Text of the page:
7 Simple Steps to Clean Office Chair Caster Wheels

7 Simple Steps to Clean Office Chair Caster Wheels

7 Simple Steps to Clean Office Chair Caster Wheels

Those little ‘wheels’ on the bottom of your office chair are great for zipping around the office.

 However, when those wheels stop working as they should, it becomes more of a struggle than a convenience.

 The wheels become clogged with dirt, hair and other debris.  Luckily, cleaning the wheels is an easy process.

 Before we look at the seven simple steps to clean office chair caster wheels, did you know casters are not a wheel?

Casters and Wheels: What’s the Difference?

Most people define a caster as a wheel, but it’s more than that.  It is, however, important to know the difference between the two.


Okay, we all know what wheels are - a round object with a hole in the center.  Take the wheels on a car, for example.  Wheels are used mainly for mechanical purposes.

While the wheel was invented 5000 years ago, casters were first patented only 150 years ago.


My guess is you’re more interested in learning about casters.  So let’s look at what makes up a caster.

The Mount

The mount is the part of the caster used to attach it to the item it's designed to transport.


Two Main Types of Mounts Are:

● A top plate (a small, square metal plate with one hole drilled in each corner) 

● A stem (a screw or a bolt fitted into a single large hole, and drilled into the item) 

The Yoke

Also known as a fork, a bracket, housing or a rig, the yoke provides a frame for the wheel.  It attaches to the top plate by screws or welding.  Some casters are formed with the top plate and yoke molded together.

The Swivel Plate

Only used on swivel casters, these can rotate 360 degrees.  It is fixed to the mount and the yoke. It usually contains bearings and grease for the mechanism to retain its swiveling capabilities for the entirety of its lifetime.

The Spring

Shock absorption features and spring mechanisms are used on items where comfort is important.  A single coiled steel spring will cushion the caster when a load is placed on top of it.  

The Wheel

Two Types of Wheels Are:

● Solid Wheels (made from one single material)

● Bonded Wheels (the solid core and tread are made from a different material)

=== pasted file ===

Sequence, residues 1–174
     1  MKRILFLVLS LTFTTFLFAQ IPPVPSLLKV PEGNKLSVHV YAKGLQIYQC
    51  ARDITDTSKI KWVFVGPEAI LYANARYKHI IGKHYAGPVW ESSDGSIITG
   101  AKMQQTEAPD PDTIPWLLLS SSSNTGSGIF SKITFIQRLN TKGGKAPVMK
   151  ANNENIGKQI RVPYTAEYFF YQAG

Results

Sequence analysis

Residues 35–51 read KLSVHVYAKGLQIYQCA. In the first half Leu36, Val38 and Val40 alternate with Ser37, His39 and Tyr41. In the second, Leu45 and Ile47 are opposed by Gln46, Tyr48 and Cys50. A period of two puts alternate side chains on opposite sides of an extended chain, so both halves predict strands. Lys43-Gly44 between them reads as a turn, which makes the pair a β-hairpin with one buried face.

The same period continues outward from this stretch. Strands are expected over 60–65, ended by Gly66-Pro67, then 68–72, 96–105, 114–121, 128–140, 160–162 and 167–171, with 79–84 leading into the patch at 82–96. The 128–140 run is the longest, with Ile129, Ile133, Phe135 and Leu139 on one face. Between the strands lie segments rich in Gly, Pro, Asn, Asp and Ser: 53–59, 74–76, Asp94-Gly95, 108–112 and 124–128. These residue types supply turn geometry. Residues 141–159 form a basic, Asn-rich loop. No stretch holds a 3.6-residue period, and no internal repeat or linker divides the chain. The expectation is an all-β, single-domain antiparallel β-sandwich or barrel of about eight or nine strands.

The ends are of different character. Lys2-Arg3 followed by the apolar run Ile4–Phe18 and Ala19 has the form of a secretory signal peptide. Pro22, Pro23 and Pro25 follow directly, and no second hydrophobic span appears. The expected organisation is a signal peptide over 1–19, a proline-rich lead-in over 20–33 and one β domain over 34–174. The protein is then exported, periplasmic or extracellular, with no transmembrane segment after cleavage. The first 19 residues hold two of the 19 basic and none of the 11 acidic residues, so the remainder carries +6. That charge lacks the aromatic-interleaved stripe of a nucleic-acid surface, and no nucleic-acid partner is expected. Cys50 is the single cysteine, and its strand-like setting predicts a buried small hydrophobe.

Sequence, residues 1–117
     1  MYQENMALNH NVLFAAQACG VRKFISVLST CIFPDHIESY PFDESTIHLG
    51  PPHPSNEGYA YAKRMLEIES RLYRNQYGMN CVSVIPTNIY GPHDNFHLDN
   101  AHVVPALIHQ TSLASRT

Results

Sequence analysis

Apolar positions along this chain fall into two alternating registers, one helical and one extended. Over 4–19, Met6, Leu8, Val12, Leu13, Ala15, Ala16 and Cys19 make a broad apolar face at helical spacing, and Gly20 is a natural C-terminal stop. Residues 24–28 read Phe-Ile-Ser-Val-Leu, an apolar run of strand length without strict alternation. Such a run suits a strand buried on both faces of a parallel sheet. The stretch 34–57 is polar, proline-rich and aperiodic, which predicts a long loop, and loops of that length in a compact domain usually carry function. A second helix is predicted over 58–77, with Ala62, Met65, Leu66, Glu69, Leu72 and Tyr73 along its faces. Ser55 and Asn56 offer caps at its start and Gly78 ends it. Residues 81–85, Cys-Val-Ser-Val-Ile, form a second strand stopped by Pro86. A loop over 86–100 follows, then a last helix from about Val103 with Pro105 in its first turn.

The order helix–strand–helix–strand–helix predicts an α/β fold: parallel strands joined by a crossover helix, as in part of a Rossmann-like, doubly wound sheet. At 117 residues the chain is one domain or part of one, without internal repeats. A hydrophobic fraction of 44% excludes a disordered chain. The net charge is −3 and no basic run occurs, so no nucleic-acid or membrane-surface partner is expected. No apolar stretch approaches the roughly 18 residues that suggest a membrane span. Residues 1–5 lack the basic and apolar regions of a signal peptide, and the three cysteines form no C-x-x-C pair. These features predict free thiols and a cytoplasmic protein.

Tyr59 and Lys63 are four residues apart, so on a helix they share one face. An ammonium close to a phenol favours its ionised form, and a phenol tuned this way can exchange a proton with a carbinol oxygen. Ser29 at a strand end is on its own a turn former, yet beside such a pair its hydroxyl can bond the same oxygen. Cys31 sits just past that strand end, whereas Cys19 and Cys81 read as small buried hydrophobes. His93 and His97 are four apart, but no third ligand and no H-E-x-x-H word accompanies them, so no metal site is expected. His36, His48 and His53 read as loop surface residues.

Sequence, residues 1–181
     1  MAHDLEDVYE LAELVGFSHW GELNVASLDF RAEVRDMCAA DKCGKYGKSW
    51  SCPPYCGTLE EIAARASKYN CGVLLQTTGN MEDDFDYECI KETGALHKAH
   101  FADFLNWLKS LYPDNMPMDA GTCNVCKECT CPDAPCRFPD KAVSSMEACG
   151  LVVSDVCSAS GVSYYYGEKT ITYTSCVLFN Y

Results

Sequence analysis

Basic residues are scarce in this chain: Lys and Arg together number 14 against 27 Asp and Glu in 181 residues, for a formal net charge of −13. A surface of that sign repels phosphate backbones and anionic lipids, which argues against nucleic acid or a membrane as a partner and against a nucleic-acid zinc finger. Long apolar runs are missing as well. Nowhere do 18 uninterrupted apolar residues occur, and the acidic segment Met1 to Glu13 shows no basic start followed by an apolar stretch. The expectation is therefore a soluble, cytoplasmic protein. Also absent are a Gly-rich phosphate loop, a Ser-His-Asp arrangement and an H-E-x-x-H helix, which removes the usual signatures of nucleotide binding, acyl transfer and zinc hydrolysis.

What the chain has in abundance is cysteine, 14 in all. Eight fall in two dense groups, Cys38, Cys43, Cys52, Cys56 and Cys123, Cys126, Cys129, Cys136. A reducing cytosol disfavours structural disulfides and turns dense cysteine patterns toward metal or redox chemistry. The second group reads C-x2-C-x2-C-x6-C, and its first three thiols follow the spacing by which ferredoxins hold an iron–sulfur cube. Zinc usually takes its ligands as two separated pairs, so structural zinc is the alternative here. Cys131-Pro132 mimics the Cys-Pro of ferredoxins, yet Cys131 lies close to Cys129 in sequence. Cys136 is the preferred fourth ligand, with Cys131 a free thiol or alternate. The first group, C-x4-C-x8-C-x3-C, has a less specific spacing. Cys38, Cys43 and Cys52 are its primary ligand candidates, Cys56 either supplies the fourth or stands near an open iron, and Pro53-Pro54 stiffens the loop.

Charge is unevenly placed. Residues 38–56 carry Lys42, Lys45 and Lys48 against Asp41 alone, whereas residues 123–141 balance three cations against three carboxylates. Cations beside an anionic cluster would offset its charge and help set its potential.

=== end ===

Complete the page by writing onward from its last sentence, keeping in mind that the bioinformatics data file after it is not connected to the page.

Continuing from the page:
The tread is then bonded to the core.

 The different materials used in caster wheels are: 

● Rubber

● Polyurethane

● Phenolic

● Nylon

● Iron

● Aluminum

● Steel

 The Wheel Bearings

These are small metal balls positioned around the wheel and fastened by a metallic ring, known as a race.  Rather than the caster rotating around a central axle, the ball bearings force the outer part of the wheel to rotate around the central wheel hub. 

Using ball bearings allows for easier motion.  As ball bearings are usually made from steel, the ball bearing assemblies should be kept lubricated to ensure the caster continues to operate as it should.

 The Axle Bolt

This part attaches the wheel to the yoke.  Either a nut is used to affix the bolt, or the axle is molded to the yoke.

Now that you understand the parts that of a caster let’s look at how to clean them properly.

How to Clean Office Chair Caster Wheels

1. Flip It

Turn your chair upside down onto the floor with the wheels sticking up.  Grab another chair to sit on, giving you access to the wheels and saving your back.

 2.  Scrape It

Don’t even consider throwing the wheels in hot water until you’ve completed this step! 

Use your fingers to remove any stickers, paper, or stuck paper clips

Remove any stuck debris using a butter knife.  The knife can slide through the slots and under the wheel cover.  If you have gum stuck to your wheels, use the knife with some rubbing alcohol.

Be gentle and be sure not to create any gouges in the plastic wheels, since this may prevent them from rolling smoothly.

Grab some tweezers to remove any hair that could be caught in the wheel. If you don’t have any tweezers, try using tape to remove any small pieces of debris.


3.  De-Wheel It

Most chairs allow you to pull the wheels off.  However, some require you to use a screwdriver.

 4.  Clean It

If you’re certain your wheels don’t need a deep clean, use a damp cloth to wipe down the wheels.  Make sure you wipe around the wheel cover and the inside as well.

 Use cotton swabs to get into the hard to reach places.

 If you think your wheels need a more intensive treatment, put them in warm, soapy water and allow to soak for 5 to 10 minutes.  Take it out and scrub clean.  Rinse under a cold tap.

 5.  Dry It

Dry each wheel carefully.  You don’t want to leave any moisture inside the wheel, or it can accumulate more dirt or cause squeaking.

 Use a clean rag, paper towel, or even a hairdryer.

 6.  Lubricate It

Using a spray lubricant, spray a little inside each wheel.  Wipe off any excess to avoid attracting more dirt.

7.  Re-Wheel It

Pop or screw the wheels back on! 

If you discover that your casters may be broken and need to be replaced, read our article for replacement tips here.

Office Chair Tips:

● Using a chair mat keeps your wheels cleaner for longer.

● When purchasing a lubricant, first check what type of wheels you have.  If they are plastic, use a silicone lubricant.  If they are metal, use a greaseless lubricant.  The wrong kind of lubricant can mean your wheels continue to attract dirt after you’ve taken the time to clean them.

 ● After you’ve cleaned the wheels, vacuum the area - you don’t want to ruin all your efforts!

Knowing how to clean your office chair caster wheels, allows you to restore your chair to its proper working order.

Cleaned office chair caster wheels are quieter, smoother and more reliable.

 Every six months, give your wheels another cleaning to keep them working to their full potential, allowing you to do the same.


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